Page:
“Reducing part count, taking out weight, increasing reliability—those are the real gains with additive manufacturing,” says Murray. “That said, this isn’t a plug-and-play endeavor. A good rule of thumb is to take six months to learn the machine, the process and the materials, especially when you’re striving for metal end-use parts. It’s also a good idea to be involved in the design process up front in order to optimize the parts for the printing process. That’s when people see the biggest improvements.”

Whether you need a quick, workholding device for a machining operation or you’re designing the next-generation aircraft engine, 3D printing is, in many cases, a viable solution. The important thing is to remove prior concepts and really look at these product designs from an entirely new perspective. Take a class, read some books (we suggest the textbook “Additive Manufacturing Technologies: 3D Printing, Rapid Prototyping and Direct Digital Manufacturing,” by Ian Gibson, David Rosen and Brent Stucker), partner with a 3D equipment or service provider—however you do it, staying relevant means you’ll take the time to learn something new about the additive manufacturing technologies that get faster, bigger and more involved every year.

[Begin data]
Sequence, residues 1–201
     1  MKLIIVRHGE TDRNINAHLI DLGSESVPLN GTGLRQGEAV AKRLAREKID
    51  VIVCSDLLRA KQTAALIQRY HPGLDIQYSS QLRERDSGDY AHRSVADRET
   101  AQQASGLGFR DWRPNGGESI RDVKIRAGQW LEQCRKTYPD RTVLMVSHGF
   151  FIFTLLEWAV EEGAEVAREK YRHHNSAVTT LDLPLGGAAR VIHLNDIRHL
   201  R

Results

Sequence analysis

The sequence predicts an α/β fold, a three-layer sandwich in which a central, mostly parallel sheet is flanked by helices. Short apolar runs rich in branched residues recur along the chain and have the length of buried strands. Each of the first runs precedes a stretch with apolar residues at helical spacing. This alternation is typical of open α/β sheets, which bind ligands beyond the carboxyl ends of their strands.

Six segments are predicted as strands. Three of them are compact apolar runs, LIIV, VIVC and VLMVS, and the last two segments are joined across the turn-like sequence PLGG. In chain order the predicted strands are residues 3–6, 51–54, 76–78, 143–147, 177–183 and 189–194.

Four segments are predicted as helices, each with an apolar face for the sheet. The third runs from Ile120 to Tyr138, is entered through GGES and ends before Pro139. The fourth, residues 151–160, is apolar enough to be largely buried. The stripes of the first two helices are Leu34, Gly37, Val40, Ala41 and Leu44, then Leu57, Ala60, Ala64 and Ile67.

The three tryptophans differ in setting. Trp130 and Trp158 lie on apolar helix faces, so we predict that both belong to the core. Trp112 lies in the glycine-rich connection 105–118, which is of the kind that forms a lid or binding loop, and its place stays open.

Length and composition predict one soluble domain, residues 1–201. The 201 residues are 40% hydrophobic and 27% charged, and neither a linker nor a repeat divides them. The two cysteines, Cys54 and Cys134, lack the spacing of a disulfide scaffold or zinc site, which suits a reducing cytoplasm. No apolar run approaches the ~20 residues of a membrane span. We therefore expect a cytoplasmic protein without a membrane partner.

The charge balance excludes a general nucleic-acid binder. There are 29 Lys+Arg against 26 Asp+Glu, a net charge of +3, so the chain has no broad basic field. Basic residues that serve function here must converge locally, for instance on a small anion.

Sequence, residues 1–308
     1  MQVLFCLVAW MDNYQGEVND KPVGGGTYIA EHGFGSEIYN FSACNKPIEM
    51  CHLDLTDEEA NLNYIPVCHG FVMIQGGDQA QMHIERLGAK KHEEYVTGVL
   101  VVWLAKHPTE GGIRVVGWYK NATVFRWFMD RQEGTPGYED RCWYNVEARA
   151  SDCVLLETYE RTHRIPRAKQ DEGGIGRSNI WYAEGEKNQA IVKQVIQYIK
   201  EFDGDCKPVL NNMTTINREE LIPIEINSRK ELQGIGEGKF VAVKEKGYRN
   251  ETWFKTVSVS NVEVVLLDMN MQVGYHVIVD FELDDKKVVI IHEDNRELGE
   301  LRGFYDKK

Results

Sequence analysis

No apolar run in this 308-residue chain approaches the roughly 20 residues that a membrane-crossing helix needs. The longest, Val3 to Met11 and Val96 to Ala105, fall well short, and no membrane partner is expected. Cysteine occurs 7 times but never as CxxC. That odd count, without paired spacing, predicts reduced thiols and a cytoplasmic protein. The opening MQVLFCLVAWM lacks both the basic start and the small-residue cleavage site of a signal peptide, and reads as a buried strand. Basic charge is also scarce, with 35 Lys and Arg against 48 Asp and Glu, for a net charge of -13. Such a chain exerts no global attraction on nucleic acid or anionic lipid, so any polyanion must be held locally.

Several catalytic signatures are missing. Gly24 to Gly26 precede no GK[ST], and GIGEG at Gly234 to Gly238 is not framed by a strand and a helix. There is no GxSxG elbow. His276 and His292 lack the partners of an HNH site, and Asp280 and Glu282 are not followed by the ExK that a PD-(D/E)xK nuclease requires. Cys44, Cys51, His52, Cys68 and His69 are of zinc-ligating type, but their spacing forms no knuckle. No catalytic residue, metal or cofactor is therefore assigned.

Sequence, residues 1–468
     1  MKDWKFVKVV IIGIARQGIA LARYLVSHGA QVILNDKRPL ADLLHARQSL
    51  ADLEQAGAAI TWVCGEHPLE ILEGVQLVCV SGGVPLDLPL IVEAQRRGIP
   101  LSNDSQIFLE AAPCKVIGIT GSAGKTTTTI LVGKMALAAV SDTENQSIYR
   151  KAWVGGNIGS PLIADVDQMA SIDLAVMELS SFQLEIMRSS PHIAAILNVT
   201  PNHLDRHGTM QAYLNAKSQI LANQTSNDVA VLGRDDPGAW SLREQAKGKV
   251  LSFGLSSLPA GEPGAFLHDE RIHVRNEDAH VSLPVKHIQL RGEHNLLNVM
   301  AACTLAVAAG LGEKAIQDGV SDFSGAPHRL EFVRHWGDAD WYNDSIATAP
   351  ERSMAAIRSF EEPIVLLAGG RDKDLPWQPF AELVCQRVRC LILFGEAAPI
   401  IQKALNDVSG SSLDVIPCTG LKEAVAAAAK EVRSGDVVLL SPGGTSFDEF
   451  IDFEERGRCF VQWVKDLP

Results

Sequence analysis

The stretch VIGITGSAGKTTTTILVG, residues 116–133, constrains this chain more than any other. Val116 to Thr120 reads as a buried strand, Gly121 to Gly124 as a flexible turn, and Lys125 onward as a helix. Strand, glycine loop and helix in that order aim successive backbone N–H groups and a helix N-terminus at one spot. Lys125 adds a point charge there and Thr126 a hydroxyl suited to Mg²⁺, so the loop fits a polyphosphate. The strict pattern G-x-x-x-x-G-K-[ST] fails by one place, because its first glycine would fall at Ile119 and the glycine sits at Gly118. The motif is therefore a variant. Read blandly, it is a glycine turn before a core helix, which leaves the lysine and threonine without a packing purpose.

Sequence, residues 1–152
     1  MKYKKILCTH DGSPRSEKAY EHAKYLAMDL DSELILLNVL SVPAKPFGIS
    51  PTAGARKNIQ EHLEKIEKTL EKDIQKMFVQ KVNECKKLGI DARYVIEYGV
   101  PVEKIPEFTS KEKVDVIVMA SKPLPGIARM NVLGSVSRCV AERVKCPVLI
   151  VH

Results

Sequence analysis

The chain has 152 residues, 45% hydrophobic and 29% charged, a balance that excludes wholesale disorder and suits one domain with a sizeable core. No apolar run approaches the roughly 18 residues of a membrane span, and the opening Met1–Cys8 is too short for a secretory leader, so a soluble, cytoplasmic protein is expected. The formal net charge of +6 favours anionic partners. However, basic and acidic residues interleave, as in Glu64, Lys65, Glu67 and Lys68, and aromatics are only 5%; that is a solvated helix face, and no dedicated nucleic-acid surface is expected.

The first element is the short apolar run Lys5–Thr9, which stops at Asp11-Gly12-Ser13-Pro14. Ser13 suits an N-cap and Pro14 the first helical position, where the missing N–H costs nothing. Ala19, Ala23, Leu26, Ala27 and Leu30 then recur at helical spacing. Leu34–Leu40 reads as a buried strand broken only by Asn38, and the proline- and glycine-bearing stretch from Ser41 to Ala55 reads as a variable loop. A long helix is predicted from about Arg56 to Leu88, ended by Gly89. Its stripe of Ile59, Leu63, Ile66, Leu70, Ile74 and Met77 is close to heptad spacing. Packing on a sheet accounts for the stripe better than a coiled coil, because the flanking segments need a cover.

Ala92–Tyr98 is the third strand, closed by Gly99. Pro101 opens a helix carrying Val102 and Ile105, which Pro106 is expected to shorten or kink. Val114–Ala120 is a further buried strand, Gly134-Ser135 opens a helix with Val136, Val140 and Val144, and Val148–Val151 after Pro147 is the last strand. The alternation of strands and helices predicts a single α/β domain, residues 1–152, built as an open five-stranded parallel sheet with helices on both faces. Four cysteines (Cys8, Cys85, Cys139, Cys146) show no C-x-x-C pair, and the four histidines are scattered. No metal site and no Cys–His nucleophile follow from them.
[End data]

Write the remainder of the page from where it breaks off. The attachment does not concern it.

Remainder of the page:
Key Takeaways

  • Additive manufacturing can become a groundbreaking mainstay of your company.
  • 3D printing complements traditional machining.
  • Embrace the potential of 3D printing to produce new products.

How have you used 3D printing in your shop?

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Lyle Spector
Spector & Assoc
11749 Peach Grove Lane
Orlando, Fl 32821


Having 3D printers at home and at the shop, flexibility for rapid prototyping and complex part creation is so easy! Wish I would’ve taken the dive years ago! Everyone needs a 3D printer within reach for making fixtures, vise jaws (haven’t tried lathe chuck jaws yet), and the ability to fix almost anything once you find tune your printer! The folks at BCN3D supplied my machine, we also have an Ultimaker. The advantages are in reach, go for it!


Thanks for your feedback Zachary.